Energy Efficient Homes

Energy efficient homes use renewable energy which is generated from natural resources such as the sun, wind, and water, by using technology which ensures that the energy stores are naturally replenished. Instead of buying all of your energy from suppliers, you can install renewable technology (also called micro generation and low-carbon technology) to generate your own.

The benefits of installing renewables?

Reduce your dependence on non-renewable energy –
Cut your electricity bills. Sunlight is free, so once installed, your electricity costs will be reduced.
Be paid for the electricity you generate. The UK government’s Feed-in Tariff scheme pays you for the electricity you generate, even if you use it.
Ability to sell electricity back to the grid. You will also receive another payment for the electricity you export through the Feed-in Tariff scheme.
Cut your carbon footprint. Solar electricity is green renewable energy and doesn't release any harmful carbon dioxide or other pollutants. A typical home solar PV system could save around 1.5 to 2 tonnes of carbon per year.

Examples of renewable energy

Solar tiles - Designed to be used in place of ordinary roof tiles. A system made up of solar tiles will typically cost about twice as much as an equivalent panel system. Solar tile systems are not normally as cost-effective as panel systems, and are usually only considered where panels are not considered appropriate for aesthetic or planning reasons.

Solar Panels - Electricity systems, also known as photovoltaics (PV), capture the sun's energy using photovoltaic cells. These cells don't need direct sunlight to work – they can still generate some electricity on a cloudy day. The cells convert the sunlight into electricity, which can be used to run household appliances and lighting.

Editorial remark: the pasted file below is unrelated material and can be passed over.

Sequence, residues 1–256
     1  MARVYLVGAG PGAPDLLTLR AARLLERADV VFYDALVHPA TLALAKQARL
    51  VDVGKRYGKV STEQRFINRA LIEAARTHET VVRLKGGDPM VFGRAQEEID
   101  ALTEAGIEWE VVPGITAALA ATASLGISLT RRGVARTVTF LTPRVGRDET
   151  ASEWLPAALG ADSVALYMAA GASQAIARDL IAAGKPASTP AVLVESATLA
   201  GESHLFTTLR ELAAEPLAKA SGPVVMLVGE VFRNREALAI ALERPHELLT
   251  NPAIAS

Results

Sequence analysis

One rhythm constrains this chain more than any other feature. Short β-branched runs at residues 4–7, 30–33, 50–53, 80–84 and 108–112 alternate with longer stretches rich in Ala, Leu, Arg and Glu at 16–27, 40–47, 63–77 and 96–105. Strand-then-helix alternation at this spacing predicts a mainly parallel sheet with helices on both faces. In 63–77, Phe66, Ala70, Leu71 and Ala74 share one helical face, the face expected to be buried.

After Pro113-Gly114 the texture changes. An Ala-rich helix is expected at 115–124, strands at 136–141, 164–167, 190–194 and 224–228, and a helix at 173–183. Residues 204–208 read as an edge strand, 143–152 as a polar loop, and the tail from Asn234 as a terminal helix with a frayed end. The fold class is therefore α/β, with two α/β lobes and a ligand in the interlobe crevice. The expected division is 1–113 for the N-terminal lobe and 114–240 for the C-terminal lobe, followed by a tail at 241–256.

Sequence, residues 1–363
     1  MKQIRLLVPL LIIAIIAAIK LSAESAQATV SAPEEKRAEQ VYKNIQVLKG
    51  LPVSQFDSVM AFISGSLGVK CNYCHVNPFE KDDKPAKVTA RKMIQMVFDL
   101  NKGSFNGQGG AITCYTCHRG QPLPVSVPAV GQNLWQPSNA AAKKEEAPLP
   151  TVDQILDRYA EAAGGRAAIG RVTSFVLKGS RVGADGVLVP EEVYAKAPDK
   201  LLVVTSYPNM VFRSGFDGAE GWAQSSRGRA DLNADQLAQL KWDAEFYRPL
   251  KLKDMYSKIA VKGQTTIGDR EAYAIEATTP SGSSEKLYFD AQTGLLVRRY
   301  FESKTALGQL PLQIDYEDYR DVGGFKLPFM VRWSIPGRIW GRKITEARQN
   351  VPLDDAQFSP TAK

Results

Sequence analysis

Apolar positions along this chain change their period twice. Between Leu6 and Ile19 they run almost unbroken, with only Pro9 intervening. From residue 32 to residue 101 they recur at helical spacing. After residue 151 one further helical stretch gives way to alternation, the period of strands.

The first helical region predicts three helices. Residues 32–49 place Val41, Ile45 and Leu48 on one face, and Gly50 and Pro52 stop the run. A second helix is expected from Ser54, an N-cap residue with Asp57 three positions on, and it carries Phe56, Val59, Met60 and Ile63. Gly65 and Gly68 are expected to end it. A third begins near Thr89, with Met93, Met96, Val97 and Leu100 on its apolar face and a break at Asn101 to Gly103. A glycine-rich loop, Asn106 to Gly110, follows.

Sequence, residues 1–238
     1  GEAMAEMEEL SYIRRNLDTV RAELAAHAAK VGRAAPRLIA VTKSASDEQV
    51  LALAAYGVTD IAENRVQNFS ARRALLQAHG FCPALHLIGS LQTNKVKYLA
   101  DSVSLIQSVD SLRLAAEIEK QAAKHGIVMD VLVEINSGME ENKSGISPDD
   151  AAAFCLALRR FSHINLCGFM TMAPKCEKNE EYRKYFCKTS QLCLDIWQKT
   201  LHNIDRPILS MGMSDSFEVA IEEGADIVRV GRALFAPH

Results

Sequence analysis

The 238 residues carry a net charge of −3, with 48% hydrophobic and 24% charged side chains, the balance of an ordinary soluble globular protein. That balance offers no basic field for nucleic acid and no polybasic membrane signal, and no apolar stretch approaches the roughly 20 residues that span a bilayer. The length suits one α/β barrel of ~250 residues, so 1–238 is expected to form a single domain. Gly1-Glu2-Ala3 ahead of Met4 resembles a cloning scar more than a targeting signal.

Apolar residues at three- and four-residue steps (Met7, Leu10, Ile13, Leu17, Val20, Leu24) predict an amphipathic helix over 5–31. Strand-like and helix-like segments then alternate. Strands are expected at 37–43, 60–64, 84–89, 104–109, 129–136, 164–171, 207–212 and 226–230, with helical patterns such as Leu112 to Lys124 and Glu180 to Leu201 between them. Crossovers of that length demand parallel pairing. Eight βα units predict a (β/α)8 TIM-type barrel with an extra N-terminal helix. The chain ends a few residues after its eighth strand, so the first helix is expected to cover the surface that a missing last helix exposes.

Ground source heat pumps (GSHPs) - Use pipes which are buried in the garden to extract heat from the ground. This heat can then be used to heat radiators, under floor or warm air heating systems and hot water in your home. A ground source heat pump circulates a mixture of water and antifreeze around a loop of pipe, called a ground loop, which is buried in your garden. Heat from the ground is absorbed into the fluid and then passes through a heat exchanger into the heat pump. The ground stays at a fairly constant temperature under the surface, so the heat pump can be used throughout the year.

Other examples of energy savings used in energy efficient homes

Lighting - This accounts for 15 per cent of a typical household’s electricity bill. You can cut your lighting bill and energy use by changing which bulbs you use and how you use them. Houses typically use a mixture of standard light fittings and down lighters or spotlight fittings. Energy efficient bulbs are available for both types of fittings. There are two main types of energy efficient light bulbs available in the UK. Compact Fluorescent Lamps (CFLs) and Light Emitting Diodes (LEDs). Both CFLs and LEDs are a cost-effective option for most general lighting requirements. Replacing a traditional light bulb with an LED of the same brightness will save you about £3 to £6 per year.

Energy Efficient Windows - Double glazed windows have two sheets of glass with a gap in between, usually about 16mm, to create an insulating barrier that keeps heat in. This is sometimes filled with gas. Triple glazed windows have three sheets of glass, but aren’t always better than double glazed windows. To choose the most energy efficient window, look for the BFRC rating. Energy efficient windows come in a range of frame materials and styles. Performance criteria vary according to how well they stop heat from passing through, how much sunlight travels through the glass and how little air can leak in or out around the window. The most energy efficient type for double glazing is low emissivity (Low-E) glass. This often has an invisible coating of metal oxide, normally on one of the internal panes. This lets in light and heat but cuts the amount of heat that can get out. Very efficient windows cqn even use gases such as argon, xenon or krypton in the gap between the sheets of glass. The most commonly used frame material for energy ratings is uPVC as it last a long time and may be recycled. Composite frames are frequently also used primarily for doors. (All of our homes are built with Composite front doors)

For information on the 5 of the most energy efficient UK homes please click here.